Random thoughts from 35,000 feet and several thousand miles...
It was a wonderful couple of weeks in Burgundy and Champagne, as always. Great friends, food, wines, and amazing hospitality from what I’ve found to be some of the kindest and most generous people on the planet. I’m excited that we’ll soon be adding a few new producers to our portfolio family. There will be lots of great new wines coming your way in the new year, along with more of all your existing faves as well.
A few observations of note -
After decades of deriding “le hamburger”, the burger, and American comfort food in general, is now of course the hottest thing since baguettes in France. Go figure. (And of course the food-truck culture has made it France too, even in little ‘ol Burgundy!)
Every restaurant and shop in France that is open on Sundays (and there are only a handful) is packed to the rafters. There is obviously desire on the part of the consumer to eat out and shop on Sunday, but apparently less of a desire on the part of the business owners to cater to and profit from that desire…
A few thoughts regarding running marathons and semi-marathons in France –
- · There are no porta-potties at the beginning, end, or anywhere on the course. This seems to be no problem for the French. The men just whip it out wherever, and the women find a bush (or not).
- · If you’re going to have 5,000+ runners in a race, don’t start them all at the same time when there’s a narrow alley that barely accommodates two abreast about a quarter-mile into the race. I suppose that even if they tried starting in waves it wouldn’t go over, as the French are culturally incapable of waiting in line for anything (they gave up boarding airplanes by rows in France many years ago, as everyone just plows right to the front no matter what.)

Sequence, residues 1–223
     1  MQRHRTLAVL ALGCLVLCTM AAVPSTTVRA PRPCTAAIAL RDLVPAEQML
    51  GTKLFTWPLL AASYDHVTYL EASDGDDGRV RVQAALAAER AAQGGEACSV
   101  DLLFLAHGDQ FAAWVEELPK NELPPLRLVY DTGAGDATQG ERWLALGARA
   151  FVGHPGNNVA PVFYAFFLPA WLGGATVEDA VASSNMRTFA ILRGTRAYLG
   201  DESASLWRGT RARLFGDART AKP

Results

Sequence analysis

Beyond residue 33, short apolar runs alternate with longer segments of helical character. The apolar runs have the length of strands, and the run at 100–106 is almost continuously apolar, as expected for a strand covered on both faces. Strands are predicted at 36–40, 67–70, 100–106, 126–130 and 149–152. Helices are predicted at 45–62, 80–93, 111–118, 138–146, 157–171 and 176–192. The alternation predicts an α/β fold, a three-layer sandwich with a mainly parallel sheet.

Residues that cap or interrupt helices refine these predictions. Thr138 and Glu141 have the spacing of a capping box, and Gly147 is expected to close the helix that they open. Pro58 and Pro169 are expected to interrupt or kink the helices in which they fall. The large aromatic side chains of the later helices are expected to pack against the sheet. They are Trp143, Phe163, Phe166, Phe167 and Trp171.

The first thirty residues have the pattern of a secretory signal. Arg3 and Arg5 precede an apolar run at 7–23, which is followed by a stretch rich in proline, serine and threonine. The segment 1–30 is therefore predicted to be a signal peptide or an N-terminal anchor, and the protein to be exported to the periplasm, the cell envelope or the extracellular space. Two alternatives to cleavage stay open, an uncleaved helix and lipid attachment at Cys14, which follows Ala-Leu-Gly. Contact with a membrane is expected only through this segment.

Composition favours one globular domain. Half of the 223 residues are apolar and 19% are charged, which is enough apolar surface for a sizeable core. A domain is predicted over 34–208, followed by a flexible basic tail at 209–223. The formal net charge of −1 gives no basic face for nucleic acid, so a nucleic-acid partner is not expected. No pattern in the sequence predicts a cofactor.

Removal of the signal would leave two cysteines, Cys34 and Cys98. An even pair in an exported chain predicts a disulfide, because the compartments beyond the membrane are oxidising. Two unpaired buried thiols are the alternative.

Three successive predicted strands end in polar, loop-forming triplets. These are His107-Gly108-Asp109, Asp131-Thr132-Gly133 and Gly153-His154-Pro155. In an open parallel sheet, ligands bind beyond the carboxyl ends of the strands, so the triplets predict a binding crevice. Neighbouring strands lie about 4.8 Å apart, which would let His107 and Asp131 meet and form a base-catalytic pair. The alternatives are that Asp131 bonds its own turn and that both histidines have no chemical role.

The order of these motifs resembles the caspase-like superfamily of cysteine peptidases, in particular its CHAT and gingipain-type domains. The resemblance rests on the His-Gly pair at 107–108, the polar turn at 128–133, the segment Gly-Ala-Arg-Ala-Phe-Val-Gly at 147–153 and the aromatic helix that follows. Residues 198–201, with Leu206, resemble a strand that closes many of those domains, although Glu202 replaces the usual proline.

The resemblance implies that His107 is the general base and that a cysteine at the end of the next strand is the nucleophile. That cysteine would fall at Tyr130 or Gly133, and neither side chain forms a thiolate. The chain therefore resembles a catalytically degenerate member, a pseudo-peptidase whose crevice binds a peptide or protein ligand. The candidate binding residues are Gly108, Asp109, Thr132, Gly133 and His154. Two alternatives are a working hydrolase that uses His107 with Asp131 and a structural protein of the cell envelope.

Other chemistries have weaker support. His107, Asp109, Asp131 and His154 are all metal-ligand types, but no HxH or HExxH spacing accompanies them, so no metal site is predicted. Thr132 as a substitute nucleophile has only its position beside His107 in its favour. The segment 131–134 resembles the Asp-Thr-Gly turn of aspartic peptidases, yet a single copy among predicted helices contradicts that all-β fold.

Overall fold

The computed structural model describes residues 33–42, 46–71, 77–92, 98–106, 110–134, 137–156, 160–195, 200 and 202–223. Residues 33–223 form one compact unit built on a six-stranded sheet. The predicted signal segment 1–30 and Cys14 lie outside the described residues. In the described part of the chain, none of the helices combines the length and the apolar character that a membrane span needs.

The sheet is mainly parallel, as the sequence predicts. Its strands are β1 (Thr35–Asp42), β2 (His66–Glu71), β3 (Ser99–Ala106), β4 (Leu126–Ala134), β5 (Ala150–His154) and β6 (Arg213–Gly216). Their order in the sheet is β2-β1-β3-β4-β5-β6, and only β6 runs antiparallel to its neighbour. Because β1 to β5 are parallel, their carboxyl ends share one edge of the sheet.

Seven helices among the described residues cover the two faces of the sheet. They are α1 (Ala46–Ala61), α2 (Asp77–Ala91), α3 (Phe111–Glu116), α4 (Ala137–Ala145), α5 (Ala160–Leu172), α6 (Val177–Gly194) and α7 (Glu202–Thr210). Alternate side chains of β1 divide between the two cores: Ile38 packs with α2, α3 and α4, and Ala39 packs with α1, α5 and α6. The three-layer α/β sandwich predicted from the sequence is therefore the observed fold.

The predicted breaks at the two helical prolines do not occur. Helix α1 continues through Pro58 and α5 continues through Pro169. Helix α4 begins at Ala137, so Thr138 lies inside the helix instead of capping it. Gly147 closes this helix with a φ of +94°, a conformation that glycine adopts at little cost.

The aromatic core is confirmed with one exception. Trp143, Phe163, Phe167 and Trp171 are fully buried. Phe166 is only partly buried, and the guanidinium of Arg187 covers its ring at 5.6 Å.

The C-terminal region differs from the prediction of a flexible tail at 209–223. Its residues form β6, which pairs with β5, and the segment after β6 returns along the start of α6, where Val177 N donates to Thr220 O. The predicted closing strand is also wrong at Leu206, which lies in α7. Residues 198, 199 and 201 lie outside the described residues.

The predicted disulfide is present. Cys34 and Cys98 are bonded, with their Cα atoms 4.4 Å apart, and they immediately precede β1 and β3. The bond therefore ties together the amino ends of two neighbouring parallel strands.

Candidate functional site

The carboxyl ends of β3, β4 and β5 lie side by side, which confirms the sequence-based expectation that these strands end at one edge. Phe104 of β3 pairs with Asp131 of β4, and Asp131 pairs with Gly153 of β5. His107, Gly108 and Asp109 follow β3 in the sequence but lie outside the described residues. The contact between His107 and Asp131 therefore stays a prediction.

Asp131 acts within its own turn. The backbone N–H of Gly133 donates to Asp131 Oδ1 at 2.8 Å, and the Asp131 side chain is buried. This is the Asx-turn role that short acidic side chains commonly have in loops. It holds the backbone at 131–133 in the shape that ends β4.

- · It would help immensely if the water at the water stations was already in the cups when the runners approach – what a concept! Inexplicably, they pour the water after the runners arrive at the table. On the other hand, France is the only place I know of where you get madeleine cookies and fresh gingerbread at the water stops, so there’s that.
Seriously, though, the most important development I’m seeing is the hugely important focus on terroir that is happening in Champagne (and to a lesser degree in Beaujolais, but that’s moving rapidly as well.) This will be the subject of another Blog post shortly, so stay close…
It's great to be back home in Portland, and I'm looking forward to a nice holiday weekend with family (and no winery open-house event to host!) I have so much to be thankful for. Happy Thanksgiving to all!